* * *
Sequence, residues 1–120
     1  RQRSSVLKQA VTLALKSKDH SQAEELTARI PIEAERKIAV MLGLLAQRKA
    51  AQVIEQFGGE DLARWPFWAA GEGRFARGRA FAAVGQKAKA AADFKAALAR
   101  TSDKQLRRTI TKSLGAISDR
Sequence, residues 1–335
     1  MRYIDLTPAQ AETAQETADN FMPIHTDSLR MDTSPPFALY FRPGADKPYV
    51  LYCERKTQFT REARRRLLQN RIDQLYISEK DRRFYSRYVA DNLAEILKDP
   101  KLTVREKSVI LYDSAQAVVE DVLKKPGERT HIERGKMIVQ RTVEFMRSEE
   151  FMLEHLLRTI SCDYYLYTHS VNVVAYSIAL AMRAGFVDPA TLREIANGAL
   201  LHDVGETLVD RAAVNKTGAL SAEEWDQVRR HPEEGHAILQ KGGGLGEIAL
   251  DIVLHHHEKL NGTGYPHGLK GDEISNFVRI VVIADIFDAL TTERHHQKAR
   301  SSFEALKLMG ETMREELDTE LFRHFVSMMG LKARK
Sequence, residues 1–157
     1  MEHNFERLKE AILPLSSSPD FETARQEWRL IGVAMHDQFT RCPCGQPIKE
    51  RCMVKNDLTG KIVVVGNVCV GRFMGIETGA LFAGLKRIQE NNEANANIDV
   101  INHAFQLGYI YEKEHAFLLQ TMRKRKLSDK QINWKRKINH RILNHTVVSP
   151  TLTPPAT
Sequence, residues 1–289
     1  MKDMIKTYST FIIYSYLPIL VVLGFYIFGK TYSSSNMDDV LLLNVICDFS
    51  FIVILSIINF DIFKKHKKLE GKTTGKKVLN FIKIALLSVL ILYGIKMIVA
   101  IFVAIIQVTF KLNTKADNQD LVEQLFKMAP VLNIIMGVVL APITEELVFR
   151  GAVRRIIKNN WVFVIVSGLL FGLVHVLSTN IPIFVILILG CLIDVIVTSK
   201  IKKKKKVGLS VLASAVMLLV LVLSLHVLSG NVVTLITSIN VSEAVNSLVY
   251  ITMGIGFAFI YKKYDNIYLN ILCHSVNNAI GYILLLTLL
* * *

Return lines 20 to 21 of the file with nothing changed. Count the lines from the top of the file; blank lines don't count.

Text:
    51  FIVILSIINF DIFKKHKKLE GKTTGKKVLN FIKIALLSVL ILYGIKMIVA
   101  IFVAIIQVTF KLNTKADNQD LVEQLFKMAP VLNIIMGVVL APITEELVFR